Some 50.5 percent of Brampton's population claimed various Christian denominations. The largest was Catholicism (26.0%), followed by various Protestant denominations, including Anglican, United Church, Lutheran, Baptist, and Reformed, while the remaining numbers of Christians consists mostly of the Eastern Orthodox rite. Other religions with a notable presence include Sikhism (18.8%), Hinduism (12.1%), and Islam (7.1%). Nearly 10 percent of the population does not identify with a particular religion.[15] The Toronto Ontario Temple for The Church of Jesus Christ of Latter-day Saints (LDS Church) is located in Brampton.[citation needed][20]

Population growth[edit]

With a population of 523,911,[2] Brampton is the third-largest city in the Greater Toronto Area, and the ninth-largest city in Canada. With the median age at 33.7, it is the youngest community in the GTA.

Due to a number of converging factors in Toronto, including an exponential rise in the cost of real estate, and high property and corporate taxes, it is an increasingly expensive place to live. Brampton has attracted residents and businesses due to its proximity to the Pearson International Airport and road infrastructure, population growth, cost of land, and more favourable corporate tax structure. It is becoming a prime location for corporate head offices, factories, warehouses, etc., as well as the typical domestic goods and services required to provide for the population.

Languages[edit]

The 2011 census found that English was spoken as mother tongue by 51.7% of the population. The next most common language was Punjabi, spoken by 17.5% of the population, followed by Urdu at 2.8%, and Portuguese and Gujarati at 2.1% each.[21]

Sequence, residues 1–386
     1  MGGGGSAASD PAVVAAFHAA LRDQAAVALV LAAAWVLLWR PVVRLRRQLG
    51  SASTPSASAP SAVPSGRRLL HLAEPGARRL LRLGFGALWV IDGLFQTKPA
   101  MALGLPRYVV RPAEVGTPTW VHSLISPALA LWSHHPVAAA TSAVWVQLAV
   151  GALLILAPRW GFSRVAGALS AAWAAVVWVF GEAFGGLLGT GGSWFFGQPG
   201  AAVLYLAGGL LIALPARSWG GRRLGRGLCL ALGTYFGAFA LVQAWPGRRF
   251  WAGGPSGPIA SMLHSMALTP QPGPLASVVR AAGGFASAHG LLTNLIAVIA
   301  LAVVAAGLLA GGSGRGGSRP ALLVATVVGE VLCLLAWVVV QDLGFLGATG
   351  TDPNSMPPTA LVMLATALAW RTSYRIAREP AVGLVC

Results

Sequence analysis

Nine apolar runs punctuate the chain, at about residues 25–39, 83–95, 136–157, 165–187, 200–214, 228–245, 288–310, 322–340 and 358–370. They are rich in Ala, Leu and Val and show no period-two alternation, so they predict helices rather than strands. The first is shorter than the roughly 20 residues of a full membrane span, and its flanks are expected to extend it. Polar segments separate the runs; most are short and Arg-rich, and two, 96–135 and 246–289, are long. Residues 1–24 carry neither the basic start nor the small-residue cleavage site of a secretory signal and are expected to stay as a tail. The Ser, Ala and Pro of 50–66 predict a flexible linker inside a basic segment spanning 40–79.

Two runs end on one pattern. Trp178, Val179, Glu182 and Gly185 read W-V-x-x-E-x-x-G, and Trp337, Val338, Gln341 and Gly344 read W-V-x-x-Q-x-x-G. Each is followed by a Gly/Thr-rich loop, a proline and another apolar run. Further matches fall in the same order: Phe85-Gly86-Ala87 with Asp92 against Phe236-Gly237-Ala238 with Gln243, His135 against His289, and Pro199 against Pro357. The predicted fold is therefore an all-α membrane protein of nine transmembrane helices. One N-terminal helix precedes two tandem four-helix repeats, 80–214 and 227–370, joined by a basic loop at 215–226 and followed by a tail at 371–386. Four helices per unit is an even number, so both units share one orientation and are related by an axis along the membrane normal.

Mother tongue Population Percentage
English 269,790 51.7%
Punjabi 91,345 17.5%
Urdu 14,580 2.8%
Portuguese 11,095 2.1%
Gujarati 11,040 2.1%
Spanish 10,225 1.9%
Hindi 10,060 1.9%
Tamil 9,530 1.8%
Tagalog (Filipino, Pilipino) 8,785 1.7%
Italian 7,990 1.5%
French 4,375 1.0%

Economy[edit]

Companies with headquarters in Brampton include Loblaw Companies Ltd., among the largest employers.[22] Others of the largest include Rogers Communications Inc., Chrysler Canada Brampton Assembly Plant, Maple Lodge Farms, Canadian Tire Corp, Zellers (offices and distribution), Coca-Cola Bottling Company Ltd., Gamma-Dynacare Medical Laboratories, and Olymel L.P.

Maple Lodge and Zellers also have their Canadian head offices in the city. The international companies of Bacardi, Brita, and Clorox have their Canadian national headquarters in the city. It is also the location of the Canadian Forces Army Reserve unit The Lorne Scots (Peel, Dufferin and Halton Regiment).

Other major companies operating in Brampton include: IKO Industries, Best Buy (and Future Shop), Brafasco, Ford, Rogers Communications, Nortel, Para Paints, Nestlé, Chrysler Canada Ltd., Sofina Foods Inc, Hudson's Bay Company (HBC), Frito Lay Canada, MDA Space Missions, and Parkinson Coach Line.[citation needed]

An automobile manufacturing facility was opened by American Motors (AMC) in 1960 as the Brampton Assembly Plant. In 1986, AMC developed a new, state-of-the-art operation at Bramalea. After AMC was acquired by Chrysler in 1987, AMC's Canadian division and its plants were absorbed; the older facility in Brampton closed in 1992. The newest factory was renamed Brampton Assembly; it is one of the city's largest employers, with over 4,200 workers when running at capacity.[citation needed]

Education[edit]

Brampton's only public higher education institution is Sheridan College, which also has a campus in Oakville. Founded in 1967, the local campus focuses on business training. The Oakville branch is the second-largest school of Art and Design in North America. Algoma University @ Brampton offers some courses at Market Square Business Centre, 24 Queen Street East. The closest universities to Brampton include York University and University of Toronto Mississauga.